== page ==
“That is a tough thing. That is why he’s won so many games,” Reid said. “You have to come up with a good game plan and try and execute it against a future Hall of Famer.”
New England is expected to get Julian Edelman and Sebastian Vollmer back on the field this weekend, which would be the healthiest its been since Nov. 15 when Edelman broke a bone in his foot against the Giants. Prior to that game, the Patriots were averaging 34.5 points per game, the most in the NFL.
Reid is fully aware of just how dominant the Patriots offense can be when they have all of their players on the field together.
“They are very good, he said. “It’s a great system and they have good players. I don’t use the word scary, but it’s very good.”
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|Tim Hasselbeck on D&C: Chiefs ‘a very, very dangerous team’||01.11.16 at 8:40 am ET|
ESPN’s Tim Hasselbeck made his weekly appearance on Dennis & Callahan with Minihane on Monday morning to discuss the NFL playoffs and explain why the Chiefs are a tough matchup for the Patriots. To hear the interview, go to the Dennis & Callahan audio on demand page.
Following Saturday’s 30-0 victory over the Texans, the Chiefs head to Foxboro having won 11 consecutive games.
“They’re a unique team,” Hasselbeck said. “They’re not your standard team that you kind of have similar issues in terms of defending them, how you get ready for them. One of the things that’s probably really widely unnoticed is how well this group is coached. Andy Reid was run out of Philadelphia, and a lot of people try to beat him up about clock management and things that are viewed as blunders throughout his career as a head coach. But I can tell you, and I was with him for just under two years, the guy is an amazing football coach. And the other thing he does is he surrounds himself with tremendous assistants.”
Added Hasselbeck: “Alex Smith — you can say what you want about Alex Smith, but he basically, playing for Andy Reid, throws 20 touchdowns, throws less than 10 picks, and he’s insanely efficient, and extends a lot of drives running the football. So I think they’re a very, very dangerous team. It’s hard to argue with the success they’ve had on this run they’ve been on.”
Wide receiver Jeremy Maclin injured his ankle Saturday and it’s not clear if he’ll be able to play against the Patriots. However, Hasselbeck said it won’t be as difficult to make up for his absence based on the way the Chiefs play — and based on the presence of talented tight end Travis Kelce, who has drawn comparisons to Rob Gronkowski.
“It’s a number of different ways that they get to this stuff,” Hasselbeck said. “So if Maclin’s out, what you’ll see is somebody like Albert Wilson, who’s a decent returner, or Frankie Hammond, who’s a decent returner as well, finding ways to manufacture those guys getting touches where they’re not running an in-cut, where they’re not running a comeback. Like, finding ways to get guys the football in ways that they’re comfortable getting it, and you have the ability to get it to them. So I think that ends up being the tricky part about defending them.
“As it relates to Kelce, he in a way is a little bit like Gronk in a sense that you have a hard time figuring out how you’re going to really defend him, because he’s lined up as an in-line tight end, and they’ve got an extra offensive lineman in there with him, and so you think, ‘Am I defending the run here? Am I doubling Kelce? What am I doing off of this?’ So I think it presents some troubles kind of formationally and personnel-wise in terms of how you defend a guy that’s good in the running game but then also has got very good speed once he gets rolling. That ends up being the trick with Kelce.”
|Andy Reid on Jamaal Charles: ‘We’ll see how he does’||09.25.14 at 4:28 pm ET|
FOXBORO — Chiefs coach Andy Reid sounded an optimistic note about the health of running back Jamaal Charles on Thursday, saying there’s a chance he’ll play Monday against the Patriots.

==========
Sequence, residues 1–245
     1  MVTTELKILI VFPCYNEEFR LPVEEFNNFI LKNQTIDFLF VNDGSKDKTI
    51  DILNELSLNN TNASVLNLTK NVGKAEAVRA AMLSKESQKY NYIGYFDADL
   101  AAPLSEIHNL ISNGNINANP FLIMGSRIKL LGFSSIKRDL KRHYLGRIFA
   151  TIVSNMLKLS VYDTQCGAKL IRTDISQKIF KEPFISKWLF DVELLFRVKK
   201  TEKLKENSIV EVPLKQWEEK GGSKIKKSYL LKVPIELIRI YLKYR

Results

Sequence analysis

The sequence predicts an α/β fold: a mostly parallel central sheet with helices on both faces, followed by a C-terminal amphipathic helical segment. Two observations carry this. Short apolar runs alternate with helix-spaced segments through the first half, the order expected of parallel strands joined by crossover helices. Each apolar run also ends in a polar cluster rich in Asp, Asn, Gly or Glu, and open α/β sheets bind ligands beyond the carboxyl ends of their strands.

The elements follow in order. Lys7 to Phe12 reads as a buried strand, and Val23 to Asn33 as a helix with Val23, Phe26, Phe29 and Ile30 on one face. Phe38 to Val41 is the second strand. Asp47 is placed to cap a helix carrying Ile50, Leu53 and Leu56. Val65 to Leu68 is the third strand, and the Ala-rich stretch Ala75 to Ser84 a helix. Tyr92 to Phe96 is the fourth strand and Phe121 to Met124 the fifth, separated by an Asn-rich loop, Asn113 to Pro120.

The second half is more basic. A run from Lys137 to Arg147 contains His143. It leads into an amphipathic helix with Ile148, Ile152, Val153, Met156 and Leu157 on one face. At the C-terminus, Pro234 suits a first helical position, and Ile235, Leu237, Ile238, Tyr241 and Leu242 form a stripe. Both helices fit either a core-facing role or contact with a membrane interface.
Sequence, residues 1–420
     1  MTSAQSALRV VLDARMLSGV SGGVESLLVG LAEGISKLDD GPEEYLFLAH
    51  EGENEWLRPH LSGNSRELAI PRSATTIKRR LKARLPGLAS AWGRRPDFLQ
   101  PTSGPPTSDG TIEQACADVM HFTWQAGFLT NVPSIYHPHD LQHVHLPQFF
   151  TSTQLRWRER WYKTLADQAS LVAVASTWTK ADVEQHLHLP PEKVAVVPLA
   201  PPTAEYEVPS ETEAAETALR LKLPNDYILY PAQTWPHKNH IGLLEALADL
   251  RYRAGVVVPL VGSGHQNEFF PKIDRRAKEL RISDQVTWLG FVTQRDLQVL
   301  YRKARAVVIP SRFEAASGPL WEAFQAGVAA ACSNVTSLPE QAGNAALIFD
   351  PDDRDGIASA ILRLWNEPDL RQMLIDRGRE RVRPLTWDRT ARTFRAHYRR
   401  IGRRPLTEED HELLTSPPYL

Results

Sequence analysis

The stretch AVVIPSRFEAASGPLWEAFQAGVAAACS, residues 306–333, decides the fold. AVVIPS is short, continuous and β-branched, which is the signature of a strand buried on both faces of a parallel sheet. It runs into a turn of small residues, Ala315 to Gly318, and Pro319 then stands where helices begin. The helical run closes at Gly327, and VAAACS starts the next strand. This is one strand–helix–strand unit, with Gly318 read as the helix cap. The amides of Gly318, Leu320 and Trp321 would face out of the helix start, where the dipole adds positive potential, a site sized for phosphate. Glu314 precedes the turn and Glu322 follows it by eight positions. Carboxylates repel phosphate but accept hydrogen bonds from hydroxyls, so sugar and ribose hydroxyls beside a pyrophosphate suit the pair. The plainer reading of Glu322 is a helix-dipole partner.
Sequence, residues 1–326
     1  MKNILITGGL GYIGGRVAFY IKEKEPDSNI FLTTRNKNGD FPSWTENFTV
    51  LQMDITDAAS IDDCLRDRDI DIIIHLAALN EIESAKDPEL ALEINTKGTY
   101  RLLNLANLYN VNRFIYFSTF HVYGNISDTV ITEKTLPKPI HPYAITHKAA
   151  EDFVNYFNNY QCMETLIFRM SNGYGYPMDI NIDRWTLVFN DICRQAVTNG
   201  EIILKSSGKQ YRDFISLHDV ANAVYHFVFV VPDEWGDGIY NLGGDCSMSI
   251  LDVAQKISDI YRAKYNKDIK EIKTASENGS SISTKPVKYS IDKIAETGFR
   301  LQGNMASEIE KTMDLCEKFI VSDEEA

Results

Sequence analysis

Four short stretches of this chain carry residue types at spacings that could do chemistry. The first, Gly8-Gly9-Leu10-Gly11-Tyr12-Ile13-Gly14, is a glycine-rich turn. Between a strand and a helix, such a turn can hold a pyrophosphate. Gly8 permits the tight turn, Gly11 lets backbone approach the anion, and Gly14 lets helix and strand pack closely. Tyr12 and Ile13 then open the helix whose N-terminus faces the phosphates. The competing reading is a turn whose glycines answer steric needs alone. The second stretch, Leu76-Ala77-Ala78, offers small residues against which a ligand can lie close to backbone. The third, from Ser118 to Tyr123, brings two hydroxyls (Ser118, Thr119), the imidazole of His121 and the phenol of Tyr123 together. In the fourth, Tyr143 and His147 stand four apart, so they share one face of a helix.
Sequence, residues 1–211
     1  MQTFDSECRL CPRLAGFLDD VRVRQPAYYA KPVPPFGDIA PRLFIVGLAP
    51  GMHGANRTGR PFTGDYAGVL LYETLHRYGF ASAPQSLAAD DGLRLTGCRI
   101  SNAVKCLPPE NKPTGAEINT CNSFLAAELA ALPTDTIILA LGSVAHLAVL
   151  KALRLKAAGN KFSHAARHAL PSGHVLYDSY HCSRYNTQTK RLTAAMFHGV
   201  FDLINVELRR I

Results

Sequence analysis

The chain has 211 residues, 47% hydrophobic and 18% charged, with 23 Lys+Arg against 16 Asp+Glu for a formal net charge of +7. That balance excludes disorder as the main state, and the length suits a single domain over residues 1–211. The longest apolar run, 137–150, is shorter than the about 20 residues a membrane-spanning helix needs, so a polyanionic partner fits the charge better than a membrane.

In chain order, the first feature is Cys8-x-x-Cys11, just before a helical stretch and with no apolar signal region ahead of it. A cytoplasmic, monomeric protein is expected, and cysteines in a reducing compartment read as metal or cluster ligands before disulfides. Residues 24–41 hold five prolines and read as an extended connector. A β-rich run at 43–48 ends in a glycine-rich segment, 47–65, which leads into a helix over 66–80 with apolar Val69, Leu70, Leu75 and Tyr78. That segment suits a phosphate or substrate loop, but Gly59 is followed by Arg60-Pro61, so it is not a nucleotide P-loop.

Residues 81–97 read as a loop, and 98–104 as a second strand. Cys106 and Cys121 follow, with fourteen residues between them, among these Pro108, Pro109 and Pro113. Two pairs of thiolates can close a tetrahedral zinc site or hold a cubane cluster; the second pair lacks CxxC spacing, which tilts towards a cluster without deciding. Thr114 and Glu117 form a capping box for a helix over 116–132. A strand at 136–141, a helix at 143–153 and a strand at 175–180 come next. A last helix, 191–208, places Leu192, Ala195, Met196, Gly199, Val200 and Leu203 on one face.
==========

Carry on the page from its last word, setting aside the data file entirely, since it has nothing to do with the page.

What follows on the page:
“He’s going to practice [Thursday],” Reid said of Charles, who suffered a high-ankle sprain in a Sept. 14 loss to Denver and sat out Sunday’s win over the Dolphins. “We’ll see how he does.”
Charles is one of the most impressive multidimensional threats in the game. Last season, the 6-foot-1, 200-pounder had 1,287 rushing yards on 259 carries, and added 70 catches for 693 yards on top of that. (He finished the year with a whopping 19 combined touchdowns.)
Against the Dolphins, Knile Davis started in his place and had a very productive afternoon, finishing with 132 yards on 32 carries. (The Chiefs also got some good work from backup running back Joe McKnight, who moved up the depth chart when Charles went down. Used mostly as a third-down option against the Dolphins, he caught six passes for 64 yards and a pair of touchdowns.)
|Bill Belichick is getting his team ready to face an ‘explosive’ 1-2 punch in Jamaal Charles and Knile Davis||09.24.14 at 9:07 pm ET|
Bill Belichick was paying close attention to the back who picked up the slack.
With Charles sidelined by a high ankle sprain, Knile Davis ran 32 times for 132 yards and a touchdown.
“I think they’re different skill sets, but they do the same things with them so the same plays look different depending on who is carrying the ball,” Belichick said of Charles and Davis. “Davis is strong — they’re both very fast — Davis is strong, 230 pounds, whatever he is and he breaks tackles, he’s got good lower body strength, hard guy to bring down. You see that on some of his kickoff returns from last year, too, where he just runs through arm tackles and all that.
“Charles has good playing strength, too, but he’s more elusive, great quickness, acceleration. They’re different, but they’re both very good. They both can hit the homerun ball. They’ve both got great long speed, they have that in common, but their styles are a little bit different but they’re both very dangerous — strong guys, strong runners.”
If Charles doesn’t go, Belichick will also have to be ready for former Jets tailback Joe McKnight, who chipped in with six catches and 64 yards. There’s also veteran receiver Dwayne Bowe and explosive tight end Travis Kelce.
|Bill Belichick finishes third in AP Coach of Year voting||02.01.14 at 7:18 pm ET|
Rivera won the award for the first time after leading the 12-4 Panthers to the NFC South title. He’s the second Carolina coach to win the award — Dom Capers won it in 1996, leading the Panthers to a 12-4 mark in their second year of existence.
Rivera received 21½ votes from a nationwide panel of 50 media members who regularly cover the league. That was enough to beat out Reid, who got 13½ votes. Belichick got seven votes for third place, while Philly’s Chip Kelly got four votes for fourth. Seattle’s Pete Carroll and Arizona’s Bruce Arians got two votes each to round out the group.
Belichick has won three Coach of the Year Awards, taking home the hardware in 2003, 2007 and 2010. (He only trails Don Shula, who has won the award four times.)
For more Patriots news, check out weei.com/patriots.